We all know Germany for its succulent sausage, massive beers and mid-Autumn festivals. But you might also search for a non-clichéd Germany. Where the lines dividing past from present and fairytale from reality are not so clear… In Southern Germany, between the Alps, the castles, the lakes and the deep history, you can write your own fairytale, on the road.
Munich, capital of Bavarian
Set off from Munich, the capital of the Bavarian region and Germany’s third largest city. If you hire a car directly from the airport, be sure to tick the main sights off your list and include the Marienplatz, the city’s great central square. There, you can watch Germans going about their daily lives between the landmarks dotted in and around the square. Right in the centre is the Mariensäule, a column topped with a golden statue of the Virgin Mary. To the west is the Frauenkirche, the principal cathedral and a symbol of the city.
But as beautiful as Munich is, the Germany you yearn for cannot be found in its larger cities. It lies yonder.
Garmisch and Partenkirchen
If you want dark, romantic and fantastical, drive off the beaten track and discover the towns and landscapes that have stood the test of time.
Buckle up, forget speed limits (we are in Germany after all) and head south on the Autobahn 95 to Garmisch-Partenkirchen, a mountain resort town on the Austrian border that gives views onto Germany’s highest mountain.
The towns of Garmisch and Partenkirchen remained separate until 1935. You will notice the stark difference between the two halves of the town as you drive through it: Garmisch has acquired a more polished and modern feel whereas Partenkirchen, with its cobblestoned streets and faded frescos, has retained its historic patina. From there you will find plenty of tracks to explore (walking) the area of Zugspitze, known as the highest mountain of Germany.
Enjoy a Bavarian breakfast of Weißwuascht (white sausage) served with senf (sweet mustard) and soft pretzels, before retaking the front seat and driving around the north face of the Ammergebirge. Follow it round to its westernmost point — admiring the majestic beauty of the mountains along the way — and soon enough, you will arrive in Schwangau.
Onto the Romantic Road: Schwangau to Augsburg along the Lech
Schwangau is the southern extremity of Germany’s scenic ‘Romantic Road’, the rural route north. Here is where the country drive rebannally begins: from the off, you will be spoilt with some of Germany’s most beautiful treasures, both natural and man-made.
The four lakes that flank the mountainside road (Bannwaldsee, Forggensee, Schwansee and Alpsee) are breathtaking and will provide ample visual distraction as you amble along them.
You will undoubtedly come to an abrupt stop at the sight of the Hohenschwangau and Neuschwanstein castles. These feats of human genius are as unbelievable as they were grandiose.
The Neuschwanstein castle, certainly the most impressive of the two, stands tall on a hill overlooking the pristine alpine lakes and rugged foothills of Schwangau. The monument seems as if it has sprung forth from a dream and it has inspired the likes of Disney himself, whose Sleeping Beauty takes inspiration from.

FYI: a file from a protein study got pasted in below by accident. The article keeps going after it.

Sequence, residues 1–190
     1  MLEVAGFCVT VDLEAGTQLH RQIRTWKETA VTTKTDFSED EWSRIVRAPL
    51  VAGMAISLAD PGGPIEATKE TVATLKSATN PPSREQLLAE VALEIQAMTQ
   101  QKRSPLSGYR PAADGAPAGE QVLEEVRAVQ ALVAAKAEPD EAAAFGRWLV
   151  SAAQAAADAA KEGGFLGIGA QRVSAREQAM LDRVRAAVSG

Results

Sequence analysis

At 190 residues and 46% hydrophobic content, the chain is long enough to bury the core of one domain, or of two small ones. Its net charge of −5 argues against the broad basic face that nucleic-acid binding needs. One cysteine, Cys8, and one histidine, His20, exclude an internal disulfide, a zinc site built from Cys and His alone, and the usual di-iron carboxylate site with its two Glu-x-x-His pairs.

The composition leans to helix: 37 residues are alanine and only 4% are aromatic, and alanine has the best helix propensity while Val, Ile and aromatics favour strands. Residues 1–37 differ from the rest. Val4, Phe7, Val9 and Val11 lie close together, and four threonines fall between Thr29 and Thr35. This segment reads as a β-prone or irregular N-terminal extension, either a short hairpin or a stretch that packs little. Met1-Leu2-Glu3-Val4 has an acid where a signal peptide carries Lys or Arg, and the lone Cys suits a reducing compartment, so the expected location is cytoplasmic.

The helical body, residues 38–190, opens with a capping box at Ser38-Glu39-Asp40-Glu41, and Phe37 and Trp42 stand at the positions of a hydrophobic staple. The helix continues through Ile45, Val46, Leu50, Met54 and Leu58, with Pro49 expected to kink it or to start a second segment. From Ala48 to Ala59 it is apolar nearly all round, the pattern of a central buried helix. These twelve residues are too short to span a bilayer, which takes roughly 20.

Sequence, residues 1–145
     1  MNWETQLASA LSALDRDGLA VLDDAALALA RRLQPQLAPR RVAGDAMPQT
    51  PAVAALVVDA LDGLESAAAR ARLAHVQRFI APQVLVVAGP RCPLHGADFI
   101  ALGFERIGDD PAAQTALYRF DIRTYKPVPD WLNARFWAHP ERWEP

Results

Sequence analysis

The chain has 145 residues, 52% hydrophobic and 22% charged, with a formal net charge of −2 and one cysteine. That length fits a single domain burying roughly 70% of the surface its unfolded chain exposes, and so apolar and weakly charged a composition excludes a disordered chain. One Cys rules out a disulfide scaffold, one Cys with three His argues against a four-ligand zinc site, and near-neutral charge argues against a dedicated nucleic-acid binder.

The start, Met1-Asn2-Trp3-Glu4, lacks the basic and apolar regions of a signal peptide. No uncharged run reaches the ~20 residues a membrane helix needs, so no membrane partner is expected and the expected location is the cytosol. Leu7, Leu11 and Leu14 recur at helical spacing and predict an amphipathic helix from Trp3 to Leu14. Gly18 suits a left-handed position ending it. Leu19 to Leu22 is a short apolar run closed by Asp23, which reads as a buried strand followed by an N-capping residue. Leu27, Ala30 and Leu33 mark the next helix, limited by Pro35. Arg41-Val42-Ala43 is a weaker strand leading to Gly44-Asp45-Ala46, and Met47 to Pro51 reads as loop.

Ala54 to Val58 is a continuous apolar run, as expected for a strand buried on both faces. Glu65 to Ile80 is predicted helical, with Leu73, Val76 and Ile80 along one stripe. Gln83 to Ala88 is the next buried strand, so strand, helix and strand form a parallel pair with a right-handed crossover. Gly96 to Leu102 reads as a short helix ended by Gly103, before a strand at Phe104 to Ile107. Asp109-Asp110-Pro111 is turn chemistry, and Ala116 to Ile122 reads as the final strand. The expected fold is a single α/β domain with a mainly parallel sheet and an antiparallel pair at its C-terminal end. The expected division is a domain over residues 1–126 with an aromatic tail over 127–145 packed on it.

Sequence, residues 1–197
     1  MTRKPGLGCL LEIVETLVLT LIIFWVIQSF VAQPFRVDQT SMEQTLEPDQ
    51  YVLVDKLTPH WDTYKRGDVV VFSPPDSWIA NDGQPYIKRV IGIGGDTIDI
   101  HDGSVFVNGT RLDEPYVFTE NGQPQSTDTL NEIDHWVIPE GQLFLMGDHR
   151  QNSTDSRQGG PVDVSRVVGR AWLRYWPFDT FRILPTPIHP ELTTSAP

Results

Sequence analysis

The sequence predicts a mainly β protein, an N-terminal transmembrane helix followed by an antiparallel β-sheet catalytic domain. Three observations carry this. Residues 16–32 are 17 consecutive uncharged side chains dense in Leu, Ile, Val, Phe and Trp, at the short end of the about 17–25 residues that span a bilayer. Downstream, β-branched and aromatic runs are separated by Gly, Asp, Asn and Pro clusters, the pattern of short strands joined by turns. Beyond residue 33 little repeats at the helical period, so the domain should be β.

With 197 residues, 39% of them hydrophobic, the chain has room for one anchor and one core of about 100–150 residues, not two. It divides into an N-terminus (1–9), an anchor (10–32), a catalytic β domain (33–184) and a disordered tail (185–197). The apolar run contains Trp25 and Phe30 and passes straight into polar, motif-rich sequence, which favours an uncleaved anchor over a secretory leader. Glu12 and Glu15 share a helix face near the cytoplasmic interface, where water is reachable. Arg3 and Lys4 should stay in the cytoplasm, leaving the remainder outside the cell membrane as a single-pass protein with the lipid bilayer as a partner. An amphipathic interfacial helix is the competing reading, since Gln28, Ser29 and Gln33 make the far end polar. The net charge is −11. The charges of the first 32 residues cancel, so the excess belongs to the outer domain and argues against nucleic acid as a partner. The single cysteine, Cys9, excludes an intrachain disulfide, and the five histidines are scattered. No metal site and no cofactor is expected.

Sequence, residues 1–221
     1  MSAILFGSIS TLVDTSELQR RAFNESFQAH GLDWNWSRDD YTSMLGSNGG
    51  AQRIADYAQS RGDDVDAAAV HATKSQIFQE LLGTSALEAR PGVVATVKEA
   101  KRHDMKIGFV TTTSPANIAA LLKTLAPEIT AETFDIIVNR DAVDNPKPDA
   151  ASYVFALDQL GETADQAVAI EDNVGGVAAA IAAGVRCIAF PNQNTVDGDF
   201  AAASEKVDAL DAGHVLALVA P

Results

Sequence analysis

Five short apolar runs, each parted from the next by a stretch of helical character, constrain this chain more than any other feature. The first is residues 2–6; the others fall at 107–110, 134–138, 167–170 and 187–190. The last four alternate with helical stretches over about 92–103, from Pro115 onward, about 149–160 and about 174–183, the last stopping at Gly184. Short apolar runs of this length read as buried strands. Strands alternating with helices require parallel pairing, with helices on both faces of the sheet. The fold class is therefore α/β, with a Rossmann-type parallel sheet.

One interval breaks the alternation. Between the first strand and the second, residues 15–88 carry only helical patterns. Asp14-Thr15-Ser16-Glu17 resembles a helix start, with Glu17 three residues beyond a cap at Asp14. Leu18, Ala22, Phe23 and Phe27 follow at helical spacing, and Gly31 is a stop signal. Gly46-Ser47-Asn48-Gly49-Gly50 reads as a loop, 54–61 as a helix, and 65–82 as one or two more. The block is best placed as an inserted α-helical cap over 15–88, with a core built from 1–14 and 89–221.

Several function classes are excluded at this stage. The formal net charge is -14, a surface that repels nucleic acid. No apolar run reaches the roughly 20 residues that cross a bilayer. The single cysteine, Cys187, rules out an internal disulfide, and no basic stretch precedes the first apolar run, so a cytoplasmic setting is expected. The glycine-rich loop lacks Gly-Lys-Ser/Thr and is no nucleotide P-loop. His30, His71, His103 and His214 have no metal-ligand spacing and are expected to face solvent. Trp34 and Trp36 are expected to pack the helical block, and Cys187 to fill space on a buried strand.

From Schwangau, you should head north to Augsburg on the Romantic Road. This stretch of driving runs parallel to the river Lech. Many of the medieval locations hiding in Bavarian Germany are dotted along it.
Augsburg is one of the oldest cities in Germany and boasts some beautiful Renaissance architecture. Its city hall and cathedral architecture — that juxtaposes Romanesque and Gothic styles — are of particular interest.
To the vineyards of Würzburg, through Harburg and Nördlingen
From Augsburg, the Romantic Road veers northwest to its northern extremity of Würzburg. The city is renowned for its wine, and you can celebrate there, moderately, the end of your road trip with some of Southern Germany’s finest grape.
Along the drive up, there is much to see from the confines of your rental car — that’s the beauty of the Romantic Road — be sure to make the two stops before you arrive in Würzburg.
Your first port of call is Harburg (or Harburg Schwaben as it is known to distinguish it from a homonymous city in the region of Hamburg). It is a small town that has never left the Middle Ages, or, at least, that’s how it seems.
As you approach, a great castle atop a hill shall loom forth. Head in its direction, admire the architecture and enjoy a coffee in the hotel-restaurant that resides within. From up here, you can see most of a town that is stooped in history. Spend an hour or so driving along the country roads and take in the peaceful German countryside before heading half an hour up the road to Nördlingen.
The most interesting about this destination is that the town was built in the crater left by a meteor crash 15 million years ago. And it is one of the three remaining towns in Germany with an intact city wall.
Allocate some time to stretch your legs here. The Rieskrater Museum is focused on meteors and their collisions with earth. The collection features various moon rocks from NASA missions and you will also learn everything about the crater upon which the city sits: interestingly, many of the town’s stone walls contain diamonds that formed within the city’s rock bed following the meteor collision.
Before returning to the car and make haste to the final destination of Würzburg, climb the St. Georg Steeple, a church tower that the locals affectionately dub “Daniel”.
It provides sweeping and astounding views onto the town and a great photo opportunity. For those of you who have watched Charlie & The Chocolate Factory, the view from the Glass Elevator in the final scene is the view you are witnessing before you, give or take half a century.
It should then take just under two hours to drive to Würzburg and finish a road trip full of spectacular Alpine vistas, fantastical castles, meteors and brooding history.